I think I’m partially responsible for the winter population explosion here. And this is my formal apology. Over the years people have asked in that incredulous voice, how are the winters out there? Isn’t it freezing? You get away for a few months, right?

I’m afraid I have been honest and said it’s so gorgeous on the Vineyard during the off-season, you can’t even imagine. Because of the ocean, it’s actually milder than you’d expect. And there’s no traffic and no lines, and lots of things are still open and the community is so alive. You get the best of a small town and the best of a big city; you get support if you need it and privacy if you want it. There are concerts and plays and movies and, well, it’s kind of utopian.

I know its my fault because they all moved here. And now I can’t get a parking spot in front of Mansion House mid morning, mid winter.

I remember in the early 1970s (I know, I know I’m still a washashore), after Labor Day you didn’t see a car up-Island. And after January? Forget about it! The snow stayed white for weeks. And even though the stores were closed, it made me have to make do with what I had. Which I love doing. I love making do. Soup with whatever’s in the larder. Now all that’s changed. I just saunter down to the Chilmark store and get lunch off the food truck from my favorite chef (my son), give my tip to my favorite daughter in law and wait for the plethora of cars to pass so I can take a left back into my own driveway.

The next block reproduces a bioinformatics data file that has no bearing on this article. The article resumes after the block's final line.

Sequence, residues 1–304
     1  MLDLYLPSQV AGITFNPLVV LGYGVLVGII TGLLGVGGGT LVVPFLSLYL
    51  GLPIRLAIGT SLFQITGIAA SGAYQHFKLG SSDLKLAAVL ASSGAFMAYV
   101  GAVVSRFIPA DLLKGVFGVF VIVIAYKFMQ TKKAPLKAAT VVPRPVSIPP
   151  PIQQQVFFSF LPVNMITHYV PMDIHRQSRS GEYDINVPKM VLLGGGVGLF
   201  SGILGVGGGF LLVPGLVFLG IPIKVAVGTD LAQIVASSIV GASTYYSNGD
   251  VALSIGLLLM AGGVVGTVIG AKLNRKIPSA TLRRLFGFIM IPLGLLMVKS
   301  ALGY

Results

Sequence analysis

But I have learned a few things. Now I have new responses to those old questions. Because people still ask. They email me or they call. I’m sure after hearing about Clinton and Obama, and Carly and James, and Geraldine and Tony, and Brooke and the other Tony, and Bob Brustein and Peter Farrelly, and Harold Ramis and, and, and . . . they understandably just want to come out and be a part of the Island, too. Bring their kids, and move them into all the great schools I’m afraid I once told them about. Isn’t that exactly what I did?

If you were to eavesdrop now, however, you’d be so proud of me. They ask, how are the winters out there anyway? I say OMG you think Buffalo is bad? You can add two feet easy. My husband’s back is still sore from last year and he had to shovel us out this morning.

This morning? they ask. You had snow this morning?

Oh yeah, I say. They don’t even report it anymore. Phone lines are down. Internet, no way. Television? Once in a while we can get a little cable. That’s why there are so many babies born in October around here.

Jeez, they say, we were thinking of coming out and looking for a little something to buy.

Yeah, well, I say, you know who has some really good real estate bargains and their winters are much milder?

Where? they ask.

Nantucket, I say.

Nancy Slonim Aronie is the author of Writing from the Heart (Hyperion/Little Brown). She is a commentator for National Public Radio’s All Things Considered and founder of the Chilmark Writing Workshop.